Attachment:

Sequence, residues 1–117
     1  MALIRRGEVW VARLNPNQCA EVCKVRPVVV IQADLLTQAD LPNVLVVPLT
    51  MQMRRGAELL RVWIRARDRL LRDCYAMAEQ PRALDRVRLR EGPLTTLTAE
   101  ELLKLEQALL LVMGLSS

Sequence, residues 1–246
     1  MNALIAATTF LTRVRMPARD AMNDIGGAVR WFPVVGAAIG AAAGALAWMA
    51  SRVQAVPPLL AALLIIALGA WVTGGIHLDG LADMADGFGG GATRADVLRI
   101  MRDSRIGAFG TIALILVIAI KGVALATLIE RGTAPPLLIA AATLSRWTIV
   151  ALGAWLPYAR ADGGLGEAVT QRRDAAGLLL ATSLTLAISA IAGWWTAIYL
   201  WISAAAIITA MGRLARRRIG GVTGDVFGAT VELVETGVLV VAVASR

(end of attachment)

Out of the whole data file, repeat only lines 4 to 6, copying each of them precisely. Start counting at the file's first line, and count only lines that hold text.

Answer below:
   101  ELLKLEQALL LVMGLSS

Sequence, residues 1–246
     1  MNALIAATTF LTRVRMPARD AMNDIGGAVR WFPVVGAAIG AAAGALAWMA